Let's give others grace and time.
There was a small family-owned grocery just up the hill from where we lived. Mom would send me up for a loaf of bread. It was a rite of passage--permission to ride my bike up out of her sight and to the little shop.
A loaf of bread was cheaper then. A dollar would buy it and still make change. Candies were also inexpensive. A dime for a candy bar. A penny or two for a jawbreaker.
I don't know what possessed me.
Maybe it was Mom's rule to bring back the change. Perhaps it was a moment of temporary insanity. Whatever, I did the inexcusable. When the store owner turned her back, I put a piece of candy in my pocket without paying for it.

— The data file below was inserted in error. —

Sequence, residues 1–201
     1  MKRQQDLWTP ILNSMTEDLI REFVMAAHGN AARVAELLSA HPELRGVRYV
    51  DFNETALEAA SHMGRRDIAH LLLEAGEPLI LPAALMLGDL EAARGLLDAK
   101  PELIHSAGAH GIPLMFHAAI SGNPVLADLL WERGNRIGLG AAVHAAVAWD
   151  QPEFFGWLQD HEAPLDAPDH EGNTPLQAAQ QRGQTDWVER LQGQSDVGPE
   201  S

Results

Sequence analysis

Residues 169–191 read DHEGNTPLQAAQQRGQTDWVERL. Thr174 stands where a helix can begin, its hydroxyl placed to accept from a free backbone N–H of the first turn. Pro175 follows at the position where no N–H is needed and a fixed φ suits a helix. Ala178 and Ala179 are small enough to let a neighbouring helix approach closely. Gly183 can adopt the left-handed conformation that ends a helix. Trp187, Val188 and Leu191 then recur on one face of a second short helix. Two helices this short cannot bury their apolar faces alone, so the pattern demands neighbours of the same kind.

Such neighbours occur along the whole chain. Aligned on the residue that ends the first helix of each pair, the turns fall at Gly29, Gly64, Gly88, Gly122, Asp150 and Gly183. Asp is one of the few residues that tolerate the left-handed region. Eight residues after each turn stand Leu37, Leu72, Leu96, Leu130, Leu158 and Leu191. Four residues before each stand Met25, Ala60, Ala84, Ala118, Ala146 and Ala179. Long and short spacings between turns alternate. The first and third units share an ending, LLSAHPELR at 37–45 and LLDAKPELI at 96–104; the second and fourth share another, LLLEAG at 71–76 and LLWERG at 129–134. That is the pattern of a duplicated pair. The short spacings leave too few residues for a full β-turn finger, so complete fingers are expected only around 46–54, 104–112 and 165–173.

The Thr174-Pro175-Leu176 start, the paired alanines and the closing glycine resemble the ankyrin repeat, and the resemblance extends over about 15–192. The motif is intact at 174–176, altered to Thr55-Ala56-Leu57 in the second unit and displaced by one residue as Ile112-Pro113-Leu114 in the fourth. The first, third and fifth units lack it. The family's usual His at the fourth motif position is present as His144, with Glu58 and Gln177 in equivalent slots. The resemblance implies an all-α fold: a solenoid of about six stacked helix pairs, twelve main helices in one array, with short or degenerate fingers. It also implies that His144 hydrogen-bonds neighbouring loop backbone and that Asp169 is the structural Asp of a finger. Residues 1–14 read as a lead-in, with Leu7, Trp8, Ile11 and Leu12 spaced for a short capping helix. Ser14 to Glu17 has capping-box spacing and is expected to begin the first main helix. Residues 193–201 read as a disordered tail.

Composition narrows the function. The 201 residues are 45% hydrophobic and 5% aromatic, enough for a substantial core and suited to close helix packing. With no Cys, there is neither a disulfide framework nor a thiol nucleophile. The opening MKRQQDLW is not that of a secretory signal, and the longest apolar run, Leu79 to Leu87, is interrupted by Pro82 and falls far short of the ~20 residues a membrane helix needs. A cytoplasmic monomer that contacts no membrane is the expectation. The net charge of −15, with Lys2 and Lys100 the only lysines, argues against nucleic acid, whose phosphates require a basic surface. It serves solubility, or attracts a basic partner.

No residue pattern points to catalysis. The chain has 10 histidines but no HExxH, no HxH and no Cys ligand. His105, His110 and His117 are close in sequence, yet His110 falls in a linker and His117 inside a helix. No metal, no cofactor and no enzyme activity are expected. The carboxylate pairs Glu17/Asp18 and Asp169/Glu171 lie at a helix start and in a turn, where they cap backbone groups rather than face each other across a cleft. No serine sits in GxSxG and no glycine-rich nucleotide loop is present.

She bagged the bread and handed me the change. I raced from the store.
That moment haunted me for 12 years. When I'd see the storeowner's son at school, I'd turn and walk the other way.
I never went back to the store.
I never ate the candy. It ate at me. Forever.
My family moved across town shortly after the event, but I went back to the little store before leaving for college. I saw the owner, Mrs. Winston.
Without a word, I handed her a $10 bill. But before I could start my apology, she rang up a $.02 sale.
She gave me $9.98 in change and said, "I knew you'd be back, Timmy."